Volltext: A history of caricature and grotesque in literature and art

diablerie. The demon in this cafe is riding very uneafily, and, in fact, 
feems in danger of being thrown. The {teeds of both are of an anomalous 
characler; the iirtt is a fort of dragon-horfe; the fecond a mixture of a 
lobfter, a fpider, and a craw-fifh. Mariette, the art-collector and art- 
writer of the reign of Louis XV. as well as artift, confiders this grotefque, 
or, as he calls it, " fantaitic and comic character," as almolt neceffary to 
the pietures of the Temptation of St. Anthony, which he treats as 
one of Callot's efpeciallyjisrious fubjects. " It was allowable," he fays, 
" to Callot, to give a flight to his imagination. The more his fictions 
were of the nature of dreams, the more they were titted to what he had 
to exprefs. For the demon intending to torment St. Anthony, it is to be 
fuppofed that he mutt have thought of all the forms molt hideous, and 
molt likely to {trike terror." 
Callot's firft and larger print of the Temptation of St Anthony 
is rare. It is tilled with a vaft number of figures. Above is a fantaftic 
being who vomits thoufands of demons. The faint is feen at the entrance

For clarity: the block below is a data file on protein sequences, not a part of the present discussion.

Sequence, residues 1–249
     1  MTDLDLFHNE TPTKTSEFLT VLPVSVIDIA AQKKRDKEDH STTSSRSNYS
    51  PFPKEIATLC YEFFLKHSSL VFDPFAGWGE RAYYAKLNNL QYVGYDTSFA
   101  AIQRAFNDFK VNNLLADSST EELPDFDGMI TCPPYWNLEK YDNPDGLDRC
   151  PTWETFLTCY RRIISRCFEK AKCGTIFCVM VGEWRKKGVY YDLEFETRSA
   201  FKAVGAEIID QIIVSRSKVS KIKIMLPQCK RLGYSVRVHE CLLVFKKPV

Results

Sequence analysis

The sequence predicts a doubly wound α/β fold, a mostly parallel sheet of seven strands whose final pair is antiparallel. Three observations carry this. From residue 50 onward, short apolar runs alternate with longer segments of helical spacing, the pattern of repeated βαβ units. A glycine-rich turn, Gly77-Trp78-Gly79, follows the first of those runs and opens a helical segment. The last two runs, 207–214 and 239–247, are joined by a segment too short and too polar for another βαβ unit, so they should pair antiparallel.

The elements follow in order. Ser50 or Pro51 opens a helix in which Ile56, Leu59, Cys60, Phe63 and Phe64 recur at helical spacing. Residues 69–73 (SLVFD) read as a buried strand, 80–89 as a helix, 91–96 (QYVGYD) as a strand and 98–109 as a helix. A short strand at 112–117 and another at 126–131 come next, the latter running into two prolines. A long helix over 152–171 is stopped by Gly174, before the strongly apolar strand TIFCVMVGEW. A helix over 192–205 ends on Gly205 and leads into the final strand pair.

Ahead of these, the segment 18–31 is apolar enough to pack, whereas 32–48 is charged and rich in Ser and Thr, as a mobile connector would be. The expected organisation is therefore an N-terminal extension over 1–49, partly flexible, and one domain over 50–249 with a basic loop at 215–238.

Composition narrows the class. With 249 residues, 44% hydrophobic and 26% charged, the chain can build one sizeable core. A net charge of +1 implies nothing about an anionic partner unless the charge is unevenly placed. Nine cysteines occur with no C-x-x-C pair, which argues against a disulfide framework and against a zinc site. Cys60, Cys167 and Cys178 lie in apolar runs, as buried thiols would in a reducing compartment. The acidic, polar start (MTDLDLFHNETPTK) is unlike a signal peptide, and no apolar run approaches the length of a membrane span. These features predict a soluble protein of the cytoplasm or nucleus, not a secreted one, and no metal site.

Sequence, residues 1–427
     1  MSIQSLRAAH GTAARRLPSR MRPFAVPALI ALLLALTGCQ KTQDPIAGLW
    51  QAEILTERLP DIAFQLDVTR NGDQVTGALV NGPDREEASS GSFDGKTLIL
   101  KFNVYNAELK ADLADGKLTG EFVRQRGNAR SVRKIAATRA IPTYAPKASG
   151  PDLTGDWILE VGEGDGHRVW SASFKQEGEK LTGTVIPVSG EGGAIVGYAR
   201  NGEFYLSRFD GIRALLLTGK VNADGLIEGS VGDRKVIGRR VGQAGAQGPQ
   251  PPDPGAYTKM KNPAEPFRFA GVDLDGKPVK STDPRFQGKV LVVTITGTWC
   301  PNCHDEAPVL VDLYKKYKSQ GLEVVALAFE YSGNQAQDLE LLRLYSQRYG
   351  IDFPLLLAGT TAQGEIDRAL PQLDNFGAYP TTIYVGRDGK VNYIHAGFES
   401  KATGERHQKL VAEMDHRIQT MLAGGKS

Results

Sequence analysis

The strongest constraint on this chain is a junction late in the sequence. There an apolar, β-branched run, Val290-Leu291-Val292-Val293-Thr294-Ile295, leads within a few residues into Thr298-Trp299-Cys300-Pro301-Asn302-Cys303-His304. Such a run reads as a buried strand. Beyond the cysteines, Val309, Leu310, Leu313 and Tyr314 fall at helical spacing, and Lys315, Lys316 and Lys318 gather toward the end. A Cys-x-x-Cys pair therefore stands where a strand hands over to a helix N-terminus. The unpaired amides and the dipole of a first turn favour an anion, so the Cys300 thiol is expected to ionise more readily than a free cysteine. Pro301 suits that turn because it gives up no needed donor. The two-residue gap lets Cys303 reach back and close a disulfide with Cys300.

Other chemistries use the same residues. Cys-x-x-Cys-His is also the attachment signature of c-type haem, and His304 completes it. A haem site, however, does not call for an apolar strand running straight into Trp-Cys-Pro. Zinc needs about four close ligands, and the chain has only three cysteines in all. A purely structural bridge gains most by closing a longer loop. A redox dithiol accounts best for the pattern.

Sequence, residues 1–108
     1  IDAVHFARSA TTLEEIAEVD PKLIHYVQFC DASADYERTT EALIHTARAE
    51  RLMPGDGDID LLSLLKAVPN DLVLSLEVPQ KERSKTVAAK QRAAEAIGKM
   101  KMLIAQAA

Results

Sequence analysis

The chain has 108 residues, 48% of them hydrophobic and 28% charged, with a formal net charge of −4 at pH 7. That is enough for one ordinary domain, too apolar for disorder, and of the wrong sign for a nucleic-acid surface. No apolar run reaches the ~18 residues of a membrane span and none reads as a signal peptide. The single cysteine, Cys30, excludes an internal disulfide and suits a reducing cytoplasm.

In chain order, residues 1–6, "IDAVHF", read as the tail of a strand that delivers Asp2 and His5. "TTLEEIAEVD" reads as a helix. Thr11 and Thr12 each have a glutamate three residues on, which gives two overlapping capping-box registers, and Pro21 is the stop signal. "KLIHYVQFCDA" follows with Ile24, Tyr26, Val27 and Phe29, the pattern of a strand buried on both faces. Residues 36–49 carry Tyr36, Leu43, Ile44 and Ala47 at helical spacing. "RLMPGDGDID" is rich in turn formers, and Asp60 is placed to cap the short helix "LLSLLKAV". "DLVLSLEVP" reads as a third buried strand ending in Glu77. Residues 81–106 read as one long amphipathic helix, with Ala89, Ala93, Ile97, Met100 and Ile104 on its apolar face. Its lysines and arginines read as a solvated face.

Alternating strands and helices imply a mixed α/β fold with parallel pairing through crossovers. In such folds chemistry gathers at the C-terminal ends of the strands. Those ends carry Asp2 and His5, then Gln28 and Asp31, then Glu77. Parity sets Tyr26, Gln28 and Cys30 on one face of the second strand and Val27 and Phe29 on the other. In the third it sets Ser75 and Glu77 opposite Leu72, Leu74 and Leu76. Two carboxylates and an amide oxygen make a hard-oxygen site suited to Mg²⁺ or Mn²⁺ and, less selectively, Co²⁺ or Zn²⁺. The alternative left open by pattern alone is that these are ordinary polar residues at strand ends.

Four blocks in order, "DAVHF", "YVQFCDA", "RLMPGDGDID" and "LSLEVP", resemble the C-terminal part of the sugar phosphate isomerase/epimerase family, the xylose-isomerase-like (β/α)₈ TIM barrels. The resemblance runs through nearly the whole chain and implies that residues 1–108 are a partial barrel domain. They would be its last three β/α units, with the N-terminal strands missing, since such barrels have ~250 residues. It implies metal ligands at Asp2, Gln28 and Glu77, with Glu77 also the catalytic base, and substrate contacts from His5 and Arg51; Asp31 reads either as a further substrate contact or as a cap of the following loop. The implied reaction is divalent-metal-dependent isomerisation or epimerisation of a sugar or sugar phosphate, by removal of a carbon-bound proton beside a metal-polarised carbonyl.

of a cavern, tormented b_v fome of thefe. Others are fcattered about 
in different occupations. On one Iide, a demoniacal party are drinking 
together, and pledging each other in their glaffes; here, a devil is playing 
on the guitar; there, others are occupied in a dance ; all fuch grotefque 
figures as our two examples would lead the reader to expect. In the fecond 
of Callot's "Temptations," which is dated in 1635, and muft therefore 
have been one of his latelt works, the fame figure vomiting the demons 
occupies the upper part of the plate, and the field is covered with a 
prodigious number of imps, more hideous in their forms, and more varied 
in their extraordinary attitudes, than in the fame artiilis firlt detign. 
Below, a hott of demons are dragging the faint to a place where new 
torments are prepared for him. Callot's prints of the Temptation of 
St. Anthony gained fo great a reputation, that imitations of them were 
fubfequently publilhed, fome ot which fo far approached his Ftyle, that 
they were long fuppofed to be genuine. 
Callot, though a Frenchman, Iludied and flourifhed in Italy, and his 
Ityle is founded upon Italian art. The laft great artift whofe treatment 
of the Temptation I fhall quote, is Salvator Rofa, an Italian by birth, 


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